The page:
Tween Talk with Eugenia: Expressions worth (really) understanding…


My love for idioms (aka idiomatic expressions) was birthed in class 7 back in Ridge Church School; my English teacher was Mrs. Abbam (she is still alive and well at 96). She could make a Frenchman fall in love with the English language – and that’s saying a lot!! She was very animated and dramatic in her teaching style, and that added fun to the session and ensured we didn’t forget the lessons.

Mrs. Abbam would once a week, give us idioms which, today, people would give anything to have. We used to think she was loading us with too much information we wouldn’t have need for. Oh were we so wrong!! Starting from our end of primary school national exams (called Common Entrance), we had to write essays with rich vocabulary. That’s how Mrs. Abbam’s little book of expressions she had each of us keep came in handy. The first idiom in my little book of expressions (what? You’re surprised I still have it?!) is – never in my wildest dreams did I expect. I used this expression every time I had to write an essay no matter the topic. Talk about an obsession, huh?!

As the years wore on, I began to ponder over the expressions; what do they really mean? Where did they come from? A stitch in time saves nine, a rolling stone gathers no moss, etc. I’m a very visual person so words evoke images in my mind to help me understand it better. I found the origins and meanings to many of them later and have remained fascinated about that. Check these out:

  1. Between the devil and the deep blue sea – means, to be stuck between two difficult positions or situations.

Origin: back in the day, the heavy plank fastened to the side of a vessel as support was called the devil. Sometimes sailors would go out onto this plank to do repair works on the boat – in the heavy seas, he would be considered to be in great danger of falling overboard and drowning as he was between ‘the devil and the deep blue sea’. And I had always erroneously thought it had something to do with the devil himself?!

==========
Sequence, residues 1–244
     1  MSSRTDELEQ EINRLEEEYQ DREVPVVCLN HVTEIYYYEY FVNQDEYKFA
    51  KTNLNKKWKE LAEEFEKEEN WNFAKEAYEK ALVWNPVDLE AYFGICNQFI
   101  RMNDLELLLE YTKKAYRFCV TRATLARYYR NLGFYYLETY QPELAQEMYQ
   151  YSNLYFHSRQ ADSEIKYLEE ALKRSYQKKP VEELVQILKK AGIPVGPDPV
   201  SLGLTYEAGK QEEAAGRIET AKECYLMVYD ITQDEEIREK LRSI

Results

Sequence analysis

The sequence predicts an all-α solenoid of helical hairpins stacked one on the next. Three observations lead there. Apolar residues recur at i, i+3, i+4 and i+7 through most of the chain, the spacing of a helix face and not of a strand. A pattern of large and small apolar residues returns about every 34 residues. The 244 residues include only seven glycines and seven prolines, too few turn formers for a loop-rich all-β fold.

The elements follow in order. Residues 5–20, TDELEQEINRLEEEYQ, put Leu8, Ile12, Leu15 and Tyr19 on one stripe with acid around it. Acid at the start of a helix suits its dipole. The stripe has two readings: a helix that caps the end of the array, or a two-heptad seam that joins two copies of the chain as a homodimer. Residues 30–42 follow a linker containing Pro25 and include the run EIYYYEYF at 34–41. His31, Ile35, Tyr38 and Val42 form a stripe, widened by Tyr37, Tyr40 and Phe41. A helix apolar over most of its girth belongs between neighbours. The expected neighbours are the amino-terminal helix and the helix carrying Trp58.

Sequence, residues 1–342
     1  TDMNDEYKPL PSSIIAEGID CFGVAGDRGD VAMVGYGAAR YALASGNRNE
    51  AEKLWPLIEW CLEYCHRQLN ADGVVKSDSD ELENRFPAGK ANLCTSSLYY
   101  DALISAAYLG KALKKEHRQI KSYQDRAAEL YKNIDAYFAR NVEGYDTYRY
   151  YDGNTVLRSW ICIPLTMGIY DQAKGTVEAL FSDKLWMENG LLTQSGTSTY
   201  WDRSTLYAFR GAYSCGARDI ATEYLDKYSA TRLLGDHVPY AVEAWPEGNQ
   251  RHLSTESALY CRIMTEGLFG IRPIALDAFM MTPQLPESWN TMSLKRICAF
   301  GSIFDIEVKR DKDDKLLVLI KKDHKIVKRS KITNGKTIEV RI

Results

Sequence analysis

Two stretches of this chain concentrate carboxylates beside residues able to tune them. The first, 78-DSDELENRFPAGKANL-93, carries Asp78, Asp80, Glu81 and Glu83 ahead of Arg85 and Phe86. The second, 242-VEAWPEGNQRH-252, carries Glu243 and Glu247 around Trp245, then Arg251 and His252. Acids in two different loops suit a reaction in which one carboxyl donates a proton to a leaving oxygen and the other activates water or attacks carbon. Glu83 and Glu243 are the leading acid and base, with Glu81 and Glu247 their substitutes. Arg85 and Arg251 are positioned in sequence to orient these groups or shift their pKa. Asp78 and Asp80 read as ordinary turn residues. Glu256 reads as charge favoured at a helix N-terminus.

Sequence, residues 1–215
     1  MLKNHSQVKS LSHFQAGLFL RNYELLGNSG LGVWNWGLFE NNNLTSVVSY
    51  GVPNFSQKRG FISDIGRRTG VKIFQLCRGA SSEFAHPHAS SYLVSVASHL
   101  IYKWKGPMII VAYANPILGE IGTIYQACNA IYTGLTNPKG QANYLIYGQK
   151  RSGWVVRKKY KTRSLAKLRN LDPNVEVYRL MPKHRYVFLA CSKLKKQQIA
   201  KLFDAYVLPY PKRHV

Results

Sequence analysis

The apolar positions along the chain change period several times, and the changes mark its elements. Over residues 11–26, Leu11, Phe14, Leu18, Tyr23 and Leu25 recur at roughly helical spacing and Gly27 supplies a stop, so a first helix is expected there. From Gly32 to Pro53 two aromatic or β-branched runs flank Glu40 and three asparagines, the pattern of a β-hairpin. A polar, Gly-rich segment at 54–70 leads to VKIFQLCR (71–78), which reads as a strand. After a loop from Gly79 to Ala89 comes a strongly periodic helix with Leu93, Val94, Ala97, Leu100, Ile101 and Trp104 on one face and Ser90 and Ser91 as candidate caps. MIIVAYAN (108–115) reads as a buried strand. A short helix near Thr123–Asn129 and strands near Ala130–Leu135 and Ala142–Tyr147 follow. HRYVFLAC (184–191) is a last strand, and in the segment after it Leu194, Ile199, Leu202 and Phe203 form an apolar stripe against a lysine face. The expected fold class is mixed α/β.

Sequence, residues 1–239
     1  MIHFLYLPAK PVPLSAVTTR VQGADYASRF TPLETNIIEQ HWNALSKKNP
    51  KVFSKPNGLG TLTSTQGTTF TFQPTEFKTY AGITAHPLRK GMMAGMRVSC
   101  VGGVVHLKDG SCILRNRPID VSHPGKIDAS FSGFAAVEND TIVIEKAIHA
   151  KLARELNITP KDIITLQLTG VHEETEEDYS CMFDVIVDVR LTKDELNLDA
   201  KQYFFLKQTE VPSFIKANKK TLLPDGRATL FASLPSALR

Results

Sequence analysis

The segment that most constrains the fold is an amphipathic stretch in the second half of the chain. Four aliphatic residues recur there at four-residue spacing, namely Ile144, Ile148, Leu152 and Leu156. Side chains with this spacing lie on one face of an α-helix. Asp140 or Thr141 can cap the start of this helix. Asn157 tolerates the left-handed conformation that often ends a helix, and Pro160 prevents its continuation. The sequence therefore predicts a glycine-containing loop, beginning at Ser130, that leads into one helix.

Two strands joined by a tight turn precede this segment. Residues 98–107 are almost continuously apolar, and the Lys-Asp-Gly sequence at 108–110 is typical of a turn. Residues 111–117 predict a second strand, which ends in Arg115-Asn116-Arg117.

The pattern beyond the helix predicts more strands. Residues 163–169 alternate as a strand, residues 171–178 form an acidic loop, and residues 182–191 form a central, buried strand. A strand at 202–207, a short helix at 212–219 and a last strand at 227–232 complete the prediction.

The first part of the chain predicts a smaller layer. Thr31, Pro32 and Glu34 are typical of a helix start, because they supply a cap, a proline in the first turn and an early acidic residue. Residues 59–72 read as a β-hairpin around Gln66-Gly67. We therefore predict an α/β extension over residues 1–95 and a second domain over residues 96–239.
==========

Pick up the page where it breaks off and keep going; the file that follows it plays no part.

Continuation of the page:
1. Born with a silver spoon in your mouth – means you’re born to wealth, comfort and priviledge.

Origin – a spoon made out of silver is considered expensive, and back then a silver spoon was given as a gift for a newborn. Today, the expression is used to describe a child or person who has many expensive things from the start of life

  1. Catch someone red-handed – to catch someone in the act of wrongdoing.

Origin: This idiom first referred to someone caught in the middle of a murder with blood on their hands (red-handed), before becoming a saying to mean any kind of wrongdoing.

That explains it!

  1. Get up on the wrong side on the bed – means to awake with a bad temper or mood

Origin: in ancient Rome, the left side of anything was considered evil. The word ‘sinister’ comes from the Latin word for ‘left’. Ancient Romans believed bad luck came to anyone who set their left foot down first when getting out of bed; this begat the expression ‘got up left foot forward’ and morphed into this one.

  1. Kick the bucket – meaning, to die

Origin: it was an English expression from the 16th Back then, the practice was to hang a criminal by having him stand on a bucket, putting a noose around his neck, and then kicking the bucket from under him, leading to his death (by hanging). Prisoners who committed suicide by hanging themselves in their cells would kick the bucket from under their own legs. And that’s how this expression was birthed and today, applies to any kind of death

  1. Let your hair down – means to relax and show one’s true self   

Origin: This expression started in the 1800s when many women wore their long hair pinned up in public and only let it down in private, especially just before they went to bed – showing their true self with little to no inhibitions in the process.

I don’t know about you, but what I found most fascinating about these expressions is their origin; some of them are obvious and others are so not what I thought. Feel the same way?

*source of origins – Scholastic Dictionary of Idioms


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